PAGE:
President Mugabe's ruling Zanu-PF lost its parliamentary majority
Zimbabwe's opposition says it will mount a legal challenge to the election commission's order for a ballot recount in last month's contested polls.
Votes from 23 constituencies will be recounted on Saturday, local media say.
A change in the parliamentary result by nine seats could see President Robert Mugabe's Zanu-PF party regain its lost majority in the assembly.
A key minister said the army would not be used against the people, despite opposition claims of intimidation.
Two weeks after the elections, official results of the presidential race have not been released.
The opposition Movement for Democratic Change (MDC) says it won the presidency and has accused President Mugabe, who has been in power since 1980, of a de facto coup and campaign of violence ahead of a possible run-off vote.
But Information Minister Sikhoanyiso Ndlovu told the Sunday Mail that "the army will not fight against Zimbabweans because it is there to protect them".
He said there was "no military junta" in the country, soldiers were in their barracks and were not fully needed in "such a peaceful environment".
MDC lawyer Selby Hwacha said the party planned to fight in court the recount announced by the Zimbabwe Electoral Commission (ZEC).
Opposition leaders fear a vote recount would be fixed
"We will see how they play it out, but we will challenge it," he said.
Accepting a recount would be "accepting rigged results," MDC spokesman Nelson Chamisa told Reuters news agency.
"They had custody of the ballot boxes for two weeks and they must have stuffed them with their votes."
ZEC chairman George Chiweshe said the results from 22 districts had been disputed by the ruling Zanu-PF party, while the MDC contested the count in one constituency.
The recount will be of all presidential, parliamentary, senate and council votes cast in the 29 March elections in the affected constituencies.
The developments followed a call from southern African leaders for the still unpublished presidential poll results to be speedily announced.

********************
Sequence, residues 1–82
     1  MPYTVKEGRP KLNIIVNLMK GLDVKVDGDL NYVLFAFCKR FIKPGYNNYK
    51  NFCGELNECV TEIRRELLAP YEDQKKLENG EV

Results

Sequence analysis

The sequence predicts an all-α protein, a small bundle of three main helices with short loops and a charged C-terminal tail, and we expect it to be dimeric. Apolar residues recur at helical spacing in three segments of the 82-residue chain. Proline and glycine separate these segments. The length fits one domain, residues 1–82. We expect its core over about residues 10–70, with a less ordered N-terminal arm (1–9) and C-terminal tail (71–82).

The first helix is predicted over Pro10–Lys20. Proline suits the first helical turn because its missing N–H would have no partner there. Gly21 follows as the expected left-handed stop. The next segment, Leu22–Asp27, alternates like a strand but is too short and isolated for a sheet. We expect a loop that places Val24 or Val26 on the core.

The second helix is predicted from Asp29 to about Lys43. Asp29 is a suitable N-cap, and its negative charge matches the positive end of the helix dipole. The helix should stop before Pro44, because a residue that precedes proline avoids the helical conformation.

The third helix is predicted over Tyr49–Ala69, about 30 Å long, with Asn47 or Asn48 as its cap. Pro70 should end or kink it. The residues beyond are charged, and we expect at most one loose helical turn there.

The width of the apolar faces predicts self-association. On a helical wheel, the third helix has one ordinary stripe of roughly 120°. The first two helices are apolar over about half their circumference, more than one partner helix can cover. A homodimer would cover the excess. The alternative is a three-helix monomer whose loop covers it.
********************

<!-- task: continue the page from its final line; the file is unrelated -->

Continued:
After a summit in Zambia aimed at breaking the deadlock in Zimbabwe, Southern African Development Community (SADC) leaders also urged all parties to accept the election results and asked South African President Thabo Mbeki to continue his role as SADC's "facilitator on Zimbabwe".
Mr Mugabe declined an invitation to the summit of the 14-nation body, sending a delegation of ministers instead.
MDC Secretary-General Tendai Biti described the summit outcome as a "major improvement".
Zimbabwe's ailing economy means food queues are common
But he called on Mr Mbeki to show "more vigour, more openness and a complete abandonment of the policy of quiet diplomacy".
According to results released so far, Zanu-PF has lost its majority in the House of Assembly for the first time since independence in 1980, winning 97 seats against the MDC's 99 in the 210-seat chamber. A smaller MDC faction has 10 seats.
In the Senate, or upper house, Zanu-PF and the combined opposition have 30 seats each.
The opposition says its leader, Morgan Tsvangirai, won more than the 50% of the vote necessary to avoid a second round in the presidential contest, citing returns posted outside polling stations.
Under President Mugabe, a drawn-out economic collapse in Zimbabwe has seen hyper-inflation, massive unemployment and the departure of hundreds of thousands of people.